In its 2006 communication COM (2006) 0367, “Towards an EU strategy on the rights of the child”, relating to the rights of children “as immigrants, asylum seekers and refugees” , the Commission voiced its commitment to closing the gap between national or community migration laws and the childrens’ rights that the EU is committed to defending.
However the European reality is that undocumented migrants’ access to education, healthcare and housing is often restricted. The rough effects of migration laws are especially felt by undocumented migrant children who find themselves in a vulnerable situation rather than being protected by national, EU and international legislation.
This Keysource puts together legislative and practical experience in the European Union with reference to undocumented migrant children, including recommendations on how to improve the coherence between migration policies and moral issues.
Children first and foremost: a guide to realising the rights of children and families in an irregular migration situation / Platform for international cooperation on undocumented migrants (PICUM); 2013; p.123
This guide provides an overview over undocumented migrant children’s “triple vulnerability”, as defined by the Council of Europe: ‘as migrants, as persons in an irregular situation and as children’. The paper explains the legal framework, provides definitions of terms and suggests strategies for improving the lives of undocumented migrant children.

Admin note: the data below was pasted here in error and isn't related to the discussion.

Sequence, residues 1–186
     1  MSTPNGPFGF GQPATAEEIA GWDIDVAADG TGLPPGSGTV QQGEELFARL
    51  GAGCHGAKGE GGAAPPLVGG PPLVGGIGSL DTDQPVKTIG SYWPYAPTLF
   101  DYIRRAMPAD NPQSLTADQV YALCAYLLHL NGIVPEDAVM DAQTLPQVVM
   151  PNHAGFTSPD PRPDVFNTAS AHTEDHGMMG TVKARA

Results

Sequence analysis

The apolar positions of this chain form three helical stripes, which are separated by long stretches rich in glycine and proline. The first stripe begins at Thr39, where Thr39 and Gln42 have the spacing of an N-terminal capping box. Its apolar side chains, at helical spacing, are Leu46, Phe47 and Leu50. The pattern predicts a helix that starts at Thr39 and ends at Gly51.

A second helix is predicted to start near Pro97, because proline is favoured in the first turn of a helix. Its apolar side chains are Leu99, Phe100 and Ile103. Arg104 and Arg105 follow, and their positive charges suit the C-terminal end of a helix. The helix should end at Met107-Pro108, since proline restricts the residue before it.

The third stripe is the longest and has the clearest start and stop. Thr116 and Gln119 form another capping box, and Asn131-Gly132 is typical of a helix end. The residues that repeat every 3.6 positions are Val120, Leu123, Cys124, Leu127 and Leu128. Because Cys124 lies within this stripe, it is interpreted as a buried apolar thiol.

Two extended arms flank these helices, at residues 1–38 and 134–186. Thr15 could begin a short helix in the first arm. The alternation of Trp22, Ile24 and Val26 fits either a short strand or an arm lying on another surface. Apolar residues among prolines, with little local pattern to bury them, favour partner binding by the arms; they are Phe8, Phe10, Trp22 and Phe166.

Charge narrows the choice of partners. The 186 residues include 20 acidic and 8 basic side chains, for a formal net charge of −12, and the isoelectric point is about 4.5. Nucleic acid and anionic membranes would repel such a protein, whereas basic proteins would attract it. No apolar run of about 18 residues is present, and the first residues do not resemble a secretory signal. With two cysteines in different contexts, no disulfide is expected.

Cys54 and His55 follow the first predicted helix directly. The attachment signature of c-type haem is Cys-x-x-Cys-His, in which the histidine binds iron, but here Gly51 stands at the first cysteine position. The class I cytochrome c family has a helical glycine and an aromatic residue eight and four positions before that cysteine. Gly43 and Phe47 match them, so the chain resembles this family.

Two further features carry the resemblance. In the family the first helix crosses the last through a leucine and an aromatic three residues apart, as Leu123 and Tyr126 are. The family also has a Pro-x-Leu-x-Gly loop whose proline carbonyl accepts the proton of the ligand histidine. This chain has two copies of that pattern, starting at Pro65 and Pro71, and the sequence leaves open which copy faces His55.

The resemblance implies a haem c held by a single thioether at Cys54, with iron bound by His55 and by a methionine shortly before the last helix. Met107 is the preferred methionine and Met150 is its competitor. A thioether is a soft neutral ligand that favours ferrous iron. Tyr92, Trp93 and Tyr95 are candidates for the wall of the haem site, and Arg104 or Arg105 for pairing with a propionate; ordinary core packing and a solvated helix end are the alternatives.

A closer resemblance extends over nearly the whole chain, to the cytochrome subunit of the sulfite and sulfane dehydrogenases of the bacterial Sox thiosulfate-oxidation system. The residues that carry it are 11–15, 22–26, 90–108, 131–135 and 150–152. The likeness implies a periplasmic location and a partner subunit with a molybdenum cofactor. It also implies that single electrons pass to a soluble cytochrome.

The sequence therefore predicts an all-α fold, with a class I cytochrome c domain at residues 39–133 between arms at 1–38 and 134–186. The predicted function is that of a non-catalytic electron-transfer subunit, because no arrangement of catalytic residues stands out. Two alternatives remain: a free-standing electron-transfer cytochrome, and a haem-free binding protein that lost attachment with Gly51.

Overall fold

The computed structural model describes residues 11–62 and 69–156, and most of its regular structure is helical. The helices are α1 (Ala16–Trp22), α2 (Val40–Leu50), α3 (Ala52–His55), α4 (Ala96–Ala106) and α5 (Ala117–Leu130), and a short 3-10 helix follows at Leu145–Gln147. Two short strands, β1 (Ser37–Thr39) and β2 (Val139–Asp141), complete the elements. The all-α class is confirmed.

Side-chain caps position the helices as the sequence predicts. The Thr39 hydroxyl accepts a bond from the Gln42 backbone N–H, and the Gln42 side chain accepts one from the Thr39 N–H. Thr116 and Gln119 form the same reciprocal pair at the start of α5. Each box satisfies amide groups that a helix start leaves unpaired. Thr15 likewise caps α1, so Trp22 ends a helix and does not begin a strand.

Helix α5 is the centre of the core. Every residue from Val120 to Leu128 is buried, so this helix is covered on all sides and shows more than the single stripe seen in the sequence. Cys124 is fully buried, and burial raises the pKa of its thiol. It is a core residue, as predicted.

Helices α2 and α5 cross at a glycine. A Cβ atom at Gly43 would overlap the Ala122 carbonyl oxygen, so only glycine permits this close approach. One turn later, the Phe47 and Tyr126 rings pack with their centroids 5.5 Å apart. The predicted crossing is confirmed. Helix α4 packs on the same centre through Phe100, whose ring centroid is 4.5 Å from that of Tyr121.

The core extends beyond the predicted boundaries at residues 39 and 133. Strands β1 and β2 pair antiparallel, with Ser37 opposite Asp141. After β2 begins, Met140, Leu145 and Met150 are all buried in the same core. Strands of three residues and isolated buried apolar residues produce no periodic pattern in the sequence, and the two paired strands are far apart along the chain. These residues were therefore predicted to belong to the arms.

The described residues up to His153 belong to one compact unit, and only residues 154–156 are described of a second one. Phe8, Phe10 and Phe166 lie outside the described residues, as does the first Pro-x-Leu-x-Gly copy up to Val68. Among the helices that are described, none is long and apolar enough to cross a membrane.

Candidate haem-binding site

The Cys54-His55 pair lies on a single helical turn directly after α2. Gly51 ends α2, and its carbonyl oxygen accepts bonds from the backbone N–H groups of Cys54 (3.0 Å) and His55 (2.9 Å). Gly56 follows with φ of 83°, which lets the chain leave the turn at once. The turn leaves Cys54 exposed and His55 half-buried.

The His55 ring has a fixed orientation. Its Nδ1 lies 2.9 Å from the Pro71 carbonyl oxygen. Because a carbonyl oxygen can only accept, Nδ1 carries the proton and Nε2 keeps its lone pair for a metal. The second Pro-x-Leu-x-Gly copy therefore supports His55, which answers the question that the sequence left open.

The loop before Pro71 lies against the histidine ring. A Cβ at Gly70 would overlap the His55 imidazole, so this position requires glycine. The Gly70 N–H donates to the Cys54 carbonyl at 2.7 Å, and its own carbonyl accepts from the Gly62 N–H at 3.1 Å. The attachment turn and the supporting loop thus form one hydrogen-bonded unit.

Protecting migrants under the European Convention on Human Rights and the European Social Charter / Yannis Ktistakis; Council of Europe; 2013; p.137
This handbook explains the existing types of migrants, their rights according to their status and the way they are exercised in harmony with or in discord with the migration policy in practice.
Fundamental rights of migrants in an irregular situation in the European Union / European Union Agency for Fundamental Rights; 2011; p.105
This report scrutinises the problematic case of undocumented migrant children from the EU members states’ perspective. The paper assesses the conflict between the need for migration control and for defending human rights, and offers suggestions on how MS could harmonise morality with law.
Undocumented children in Europe: invisible victims of immigration restrictions / Platform for International Cooperation on Undocumented Migrant (PICUM); 2008; p.111
This paper delivers a thorough overview of the problems that undocumented migrant children have in exercising their rights to education, healthcare and housing. The paper considers international, European and national legislations.
Human rights of undocumented adolescents and youth / Global Migration Group, UNICEF and OHCHR; 2013; p.53
This paper discusses the human rights of undocumented migrants focusing on two age groups: adolescents (ages 10 – 18) and youth (19 – 35). After sketching the overall context of irregular migration, the paper focuses on the rights of 10-18 year old children in reference to the international human rights framework and their access to civil, economic and social rights. The authors advocate an age-sensitive approach in policies towards undocumented migrants.
Why human rights fail to protect undocumented migrants / Gregor Noll; European Journal of Migration and Law 12(2010); p.241-272
This author analyses European states’ mechanisms for protecting the rights of undocumented migrant children.